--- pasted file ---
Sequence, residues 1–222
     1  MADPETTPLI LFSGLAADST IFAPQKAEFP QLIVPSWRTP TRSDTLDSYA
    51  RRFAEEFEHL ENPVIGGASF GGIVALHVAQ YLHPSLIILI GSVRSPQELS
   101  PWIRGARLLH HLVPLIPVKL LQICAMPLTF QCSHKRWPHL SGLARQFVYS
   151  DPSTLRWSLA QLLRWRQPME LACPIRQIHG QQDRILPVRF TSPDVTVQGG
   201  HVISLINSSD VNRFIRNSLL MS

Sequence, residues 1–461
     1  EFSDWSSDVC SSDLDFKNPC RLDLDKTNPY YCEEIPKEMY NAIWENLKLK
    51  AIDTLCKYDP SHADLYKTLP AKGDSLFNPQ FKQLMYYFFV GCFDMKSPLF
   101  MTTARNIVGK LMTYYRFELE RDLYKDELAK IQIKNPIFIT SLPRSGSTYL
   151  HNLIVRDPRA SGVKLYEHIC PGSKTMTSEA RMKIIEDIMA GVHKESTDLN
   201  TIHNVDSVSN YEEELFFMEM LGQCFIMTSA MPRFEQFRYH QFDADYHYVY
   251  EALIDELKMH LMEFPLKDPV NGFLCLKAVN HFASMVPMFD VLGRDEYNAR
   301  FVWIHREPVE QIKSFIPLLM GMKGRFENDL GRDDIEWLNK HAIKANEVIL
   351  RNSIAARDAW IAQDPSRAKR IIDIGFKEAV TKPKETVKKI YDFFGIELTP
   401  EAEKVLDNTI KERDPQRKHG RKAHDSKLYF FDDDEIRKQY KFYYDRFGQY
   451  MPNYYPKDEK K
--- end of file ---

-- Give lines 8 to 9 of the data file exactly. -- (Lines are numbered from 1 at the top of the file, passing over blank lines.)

     1  EFSDWSSDVC SSDLDFKNPC RLDLDKTNPY YCEEIPKEMY NAIWENLKLK
    51  AIDTLCKYDP SHADLYKTLP AKGDSLFNPQ FKQLMYYFFV GCFDMKSPLF